It may not be the most conventional word to describe a post-punk record, but ‘Sentimental’ is a pretty apt title for Value Void’s debut. Not because the album is cheesy or mawkish – it’s quite the opposite – but rather owing to its affecting and unadorned nostalgia. Embodying the DIY spirit of punk, the London three-piece forgo theatrics and arm themselves with only a guitar, bass and drums. The uncluttered arrangements work heavily in the album’s favour and, coupled with lo-fi production, allow the band to bare their insecurities raw across the album’s short half-hour runtime.
Building and releasing tension with the fickle volatility of young love, Value Void’s music shifts on a whim from agonising to upbeat, dissonant to hypnotic. On ‘Back In The Day’ an ominous riff tethers tense verses, as vocalist Paz Maddio tries to recall fuzzy memories of a past lover before resolving on an infectiously catchy chorus. Album closer ‘Dead Ladies Lament’, meanwhile, is a cathartic dénouement. “She was already dead when she came in,” Maddio continuously repeats over the back half of the track, her words riding soporific guitar chords and hissing cymbals down into dour languor. Tossing the rose-tinted glasses to the floor, Value Void’s idea of sentimentality is vulnerable, emotive, and unremittingly honest.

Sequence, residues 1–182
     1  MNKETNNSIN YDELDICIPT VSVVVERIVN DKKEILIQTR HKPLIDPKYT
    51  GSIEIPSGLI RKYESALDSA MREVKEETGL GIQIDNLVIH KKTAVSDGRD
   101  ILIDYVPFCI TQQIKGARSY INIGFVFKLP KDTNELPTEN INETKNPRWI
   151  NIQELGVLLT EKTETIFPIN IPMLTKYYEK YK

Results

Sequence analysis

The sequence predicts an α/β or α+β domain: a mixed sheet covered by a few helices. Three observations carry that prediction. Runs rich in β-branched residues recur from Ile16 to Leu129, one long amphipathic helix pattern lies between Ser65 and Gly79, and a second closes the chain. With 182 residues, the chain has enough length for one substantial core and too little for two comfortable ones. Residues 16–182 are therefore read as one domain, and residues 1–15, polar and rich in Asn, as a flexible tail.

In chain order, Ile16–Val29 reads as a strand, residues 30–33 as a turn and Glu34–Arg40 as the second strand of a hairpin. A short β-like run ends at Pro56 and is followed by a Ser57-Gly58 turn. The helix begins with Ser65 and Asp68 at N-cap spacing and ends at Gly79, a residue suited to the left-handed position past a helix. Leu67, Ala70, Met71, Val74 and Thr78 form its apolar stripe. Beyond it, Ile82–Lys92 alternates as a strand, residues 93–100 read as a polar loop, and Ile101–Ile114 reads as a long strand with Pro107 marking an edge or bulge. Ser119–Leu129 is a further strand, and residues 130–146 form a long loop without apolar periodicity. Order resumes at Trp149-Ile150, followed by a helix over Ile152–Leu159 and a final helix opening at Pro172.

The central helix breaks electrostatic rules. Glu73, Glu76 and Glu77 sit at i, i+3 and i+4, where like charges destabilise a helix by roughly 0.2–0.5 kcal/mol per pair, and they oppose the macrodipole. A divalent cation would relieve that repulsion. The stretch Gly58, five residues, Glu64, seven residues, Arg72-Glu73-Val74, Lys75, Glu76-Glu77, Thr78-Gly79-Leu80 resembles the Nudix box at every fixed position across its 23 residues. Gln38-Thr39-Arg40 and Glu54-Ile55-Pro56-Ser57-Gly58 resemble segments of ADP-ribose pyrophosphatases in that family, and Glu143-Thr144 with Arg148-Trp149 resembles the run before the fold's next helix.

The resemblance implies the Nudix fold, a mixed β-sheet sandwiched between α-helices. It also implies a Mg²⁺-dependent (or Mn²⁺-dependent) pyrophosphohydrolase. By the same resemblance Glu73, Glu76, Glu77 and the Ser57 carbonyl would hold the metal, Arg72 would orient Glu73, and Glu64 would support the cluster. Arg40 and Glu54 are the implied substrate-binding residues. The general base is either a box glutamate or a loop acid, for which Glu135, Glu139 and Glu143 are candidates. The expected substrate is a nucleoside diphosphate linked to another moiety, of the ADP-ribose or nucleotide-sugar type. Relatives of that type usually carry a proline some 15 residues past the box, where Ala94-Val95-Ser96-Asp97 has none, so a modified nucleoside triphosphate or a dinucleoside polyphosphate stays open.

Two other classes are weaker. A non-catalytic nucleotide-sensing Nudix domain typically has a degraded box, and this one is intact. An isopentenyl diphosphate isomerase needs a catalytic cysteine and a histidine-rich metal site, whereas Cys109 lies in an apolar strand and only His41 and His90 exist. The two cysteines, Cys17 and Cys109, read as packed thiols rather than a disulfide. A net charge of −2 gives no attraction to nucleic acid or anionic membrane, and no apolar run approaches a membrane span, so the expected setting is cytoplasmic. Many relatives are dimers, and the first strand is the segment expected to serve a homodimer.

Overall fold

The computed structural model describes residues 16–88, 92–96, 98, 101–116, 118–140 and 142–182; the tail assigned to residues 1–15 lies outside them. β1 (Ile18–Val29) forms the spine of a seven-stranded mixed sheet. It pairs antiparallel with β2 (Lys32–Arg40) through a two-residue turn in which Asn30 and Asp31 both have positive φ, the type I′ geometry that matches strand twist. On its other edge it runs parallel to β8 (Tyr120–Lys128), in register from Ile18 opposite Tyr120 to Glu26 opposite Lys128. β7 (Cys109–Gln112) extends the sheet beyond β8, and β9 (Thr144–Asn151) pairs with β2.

Subscribers to Loud And Quiet now receive a limited edition flexi disc of a rare track with their copy of the magazine
This month’s disc is from Detroit punk band Protomartyr